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Lawsuits piling up against Texas after Governor Abbott signs new migration law

Update: The American Civil Liberties Union (ACLU) of Texas and the Texas Civil Rights Project (TCRP) also are also suing over SB4.

The ACLU of Texas issued the following statement on the new law.

“We’re suing to block one of the most extreme anti-immigrant bills in the country. The bill overrides bedrock constitutional principles and flouts federal immigration law while harming Texans, in particular Brown and Black communities. Time and time again, elected officials in Texas have ignored their constituents and opted for white supremacist rhetoric and mass incarceration instead. The state wastes billions of taxpayer dollars on failed border policies and policing that we could spend on education, better infrastructure, and better health care. Texans deserve better and we’re holding Texas politicians accountable to make sure this law never goes into effect.”

Adriana Piñon, legal director of the ACLU of Texas

EL PASO, Texas (KVIA) -- El Paso County Commissioners unanimously voted Monday to direct county staff to file a lawsuit challenging the constitutionality of a state border security bill in co-council with the American Civil Liberties Union (ACLU).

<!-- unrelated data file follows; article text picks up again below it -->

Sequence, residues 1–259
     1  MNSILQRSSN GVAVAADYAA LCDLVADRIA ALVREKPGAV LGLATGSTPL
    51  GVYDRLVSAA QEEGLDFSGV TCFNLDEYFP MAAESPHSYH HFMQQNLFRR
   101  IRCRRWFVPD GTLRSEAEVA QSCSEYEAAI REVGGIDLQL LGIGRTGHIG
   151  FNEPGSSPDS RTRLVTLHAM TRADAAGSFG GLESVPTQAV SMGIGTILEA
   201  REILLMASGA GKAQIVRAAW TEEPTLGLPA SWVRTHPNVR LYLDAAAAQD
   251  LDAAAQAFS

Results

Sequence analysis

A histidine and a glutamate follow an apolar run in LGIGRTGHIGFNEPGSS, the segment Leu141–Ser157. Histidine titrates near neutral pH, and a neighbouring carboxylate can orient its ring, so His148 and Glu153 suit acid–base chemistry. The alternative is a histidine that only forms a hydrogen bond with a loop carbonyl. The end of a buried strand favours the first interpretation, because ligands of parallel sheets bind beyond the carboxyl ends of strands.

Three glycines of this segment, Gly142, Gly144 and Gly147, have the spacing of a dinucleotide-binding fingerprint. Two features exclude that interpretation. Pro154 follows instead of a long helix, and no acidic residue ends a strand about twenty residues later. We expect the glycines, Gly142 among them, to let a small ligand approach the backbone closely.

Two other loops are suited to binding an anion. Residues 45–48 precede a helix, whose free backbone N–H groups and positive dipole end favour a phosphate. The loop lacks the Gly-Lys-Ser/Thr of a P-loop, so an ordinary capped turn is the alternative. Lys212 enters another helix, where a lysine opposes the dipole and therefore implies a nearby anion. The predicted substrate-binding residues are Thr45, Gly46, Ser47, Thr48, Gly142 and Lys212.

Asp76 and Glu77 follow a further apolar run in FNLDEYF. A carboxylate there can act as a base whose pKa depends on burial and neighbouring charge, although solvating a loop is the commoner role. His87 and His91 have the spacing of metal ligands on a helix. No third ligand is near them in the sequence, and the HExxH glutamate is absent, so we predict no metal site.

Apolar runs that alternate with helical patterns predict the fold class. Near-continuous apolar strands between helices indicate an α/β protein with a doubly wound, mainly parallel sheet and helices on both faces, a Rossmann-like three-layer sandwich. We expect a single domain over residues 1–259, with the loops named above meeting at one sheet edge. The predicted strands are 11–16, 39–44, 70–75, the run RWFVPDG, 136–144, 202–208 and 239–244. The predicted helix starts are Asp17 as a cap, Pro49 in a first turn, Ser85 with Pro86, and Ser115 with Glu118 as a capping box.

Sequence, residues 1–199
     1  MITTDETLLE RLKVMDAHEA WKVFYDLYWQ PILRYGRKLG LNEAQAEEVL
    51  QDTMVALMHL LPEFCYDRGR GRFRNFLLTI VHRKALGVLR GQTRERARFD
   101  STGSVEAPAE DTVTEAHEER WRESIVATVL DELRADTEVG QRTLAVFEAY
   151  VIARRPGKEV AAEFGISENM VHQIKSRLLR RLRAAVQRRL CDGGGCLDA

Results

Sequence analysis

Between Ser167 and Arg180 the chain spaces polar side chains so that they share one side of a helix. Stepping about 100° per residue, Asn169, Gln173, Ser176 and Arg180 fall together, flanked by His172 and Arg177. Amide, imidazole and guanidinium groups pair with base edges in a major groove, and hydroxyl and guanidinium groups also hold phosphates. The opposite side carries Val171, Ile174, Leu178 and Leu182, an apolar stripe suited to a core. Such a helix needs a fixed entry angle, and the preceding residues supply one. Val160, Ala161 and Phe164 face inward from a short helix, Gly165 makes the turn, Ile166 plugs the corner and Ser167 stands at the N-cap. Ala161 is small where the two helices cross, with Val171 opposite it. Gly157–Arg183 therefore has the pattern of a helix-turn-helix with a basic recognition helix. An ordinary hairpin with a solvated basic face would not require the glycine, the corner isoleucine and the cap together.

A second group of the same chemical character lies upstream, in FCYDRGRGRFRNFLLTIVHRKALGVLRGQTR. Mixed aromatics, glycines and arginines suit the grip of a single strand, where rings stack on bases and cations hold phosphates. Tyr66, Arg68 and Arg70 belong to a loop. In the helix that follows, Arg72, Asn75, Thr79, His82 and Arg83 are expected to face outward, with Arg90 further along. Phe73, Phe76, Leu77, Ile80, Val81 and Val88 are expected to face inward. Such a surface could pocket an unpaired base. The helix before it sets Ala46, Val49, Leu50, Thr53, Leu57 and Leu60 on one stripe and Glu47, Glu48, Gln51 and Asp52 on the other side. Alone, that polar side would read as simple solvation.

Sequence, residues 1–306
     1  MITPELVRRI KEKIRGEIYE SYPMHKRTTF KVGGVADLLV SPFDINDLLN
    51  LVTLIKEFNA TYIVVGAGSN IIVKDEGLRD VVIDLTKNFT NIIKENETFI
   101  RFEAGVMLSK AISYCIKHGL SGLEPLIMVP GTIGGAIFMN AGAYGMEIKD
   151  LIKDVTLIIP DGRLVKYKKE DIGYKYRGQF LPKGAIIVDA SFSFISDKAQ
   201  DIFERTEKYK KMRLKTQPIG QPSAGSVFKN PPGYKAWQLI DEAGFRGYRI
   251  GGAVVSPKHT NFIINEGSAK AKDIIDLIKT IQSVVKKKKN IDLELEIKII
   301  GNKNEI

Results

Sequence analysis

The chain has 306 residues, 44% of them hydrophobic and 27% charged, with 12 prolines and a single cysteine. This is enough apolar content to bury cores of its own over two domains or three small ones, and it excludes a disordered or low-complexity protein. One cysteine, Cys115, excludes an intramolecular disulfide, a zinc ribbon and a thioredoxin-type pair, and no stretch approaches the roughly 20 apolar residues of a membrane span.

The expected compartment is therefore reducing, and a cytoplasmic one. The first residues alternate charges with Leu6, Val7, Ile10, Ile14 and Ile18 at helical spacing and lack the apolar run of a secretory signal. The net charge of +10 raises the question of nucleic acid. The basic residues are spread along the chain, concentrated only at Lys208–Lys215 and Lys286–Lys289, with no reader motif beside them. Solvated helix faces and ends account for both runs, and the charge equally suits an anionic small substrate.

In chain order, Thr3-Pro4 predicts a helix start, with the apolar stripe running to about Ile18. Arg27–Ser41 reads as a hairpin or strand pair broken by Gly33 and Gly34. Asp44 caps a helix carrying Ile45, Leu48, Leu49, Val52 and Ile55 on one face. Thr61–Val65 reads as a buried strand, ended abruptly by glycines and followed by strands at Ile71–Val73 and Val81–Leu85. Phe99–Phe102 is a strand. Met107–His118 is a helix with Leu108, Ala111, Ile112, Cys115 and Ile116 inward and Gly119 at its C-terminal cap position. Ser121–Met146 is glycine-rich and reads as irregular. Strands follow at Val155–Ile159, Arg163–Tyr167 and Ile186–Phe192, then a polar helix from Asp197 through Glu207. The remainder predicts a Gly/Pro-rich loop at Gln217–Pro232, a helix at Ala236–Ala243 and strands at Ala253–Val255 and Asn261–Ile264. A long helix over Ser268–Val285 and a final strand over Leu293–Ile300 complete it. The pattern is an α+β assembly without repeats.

This comes hours after Texas Governor Greg Abbott signed the bill into law. Senate Bill 4, or SB4, gives local law enforcement the power to arrest and order migrants to leave the United States. The bill goes into effect in March.

While some support the bill, others criticize it saying it will lead to racial profiling, mostly affecting Texans. 

Precinct 2 Commissioner, David Stout, said he estimates an additional 8,000 to 10,000 arrests in the area once it goes into effect. He said it could cost the county millions, possibly leading to the build of a new jail.

Stout said he estimates the cost at $250 million dollars, with an additional $40 to $50 million a year in jail costs.

"We just don't have the resources in this community to be able to foot that type of bill," said Stout.

Commissioner Stout said about 88,000 people were arrested by DPS last year as part of Operation Lone Star.

"If all of those people had to be thrown in our county jails, we don't even have that many beds in the state of Texas," he said.

"Our taxpayers are the ones being burdened with these expenses and this myopic operation, and the law that the state has placed on us, is going to incur a lot more responsibility in terms of the funding for border communities and even more so for El Paso," said Precinct 4 Commissioner, Sergio Coronado.

Article Topic Follows: On the Border

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Brianna Perez


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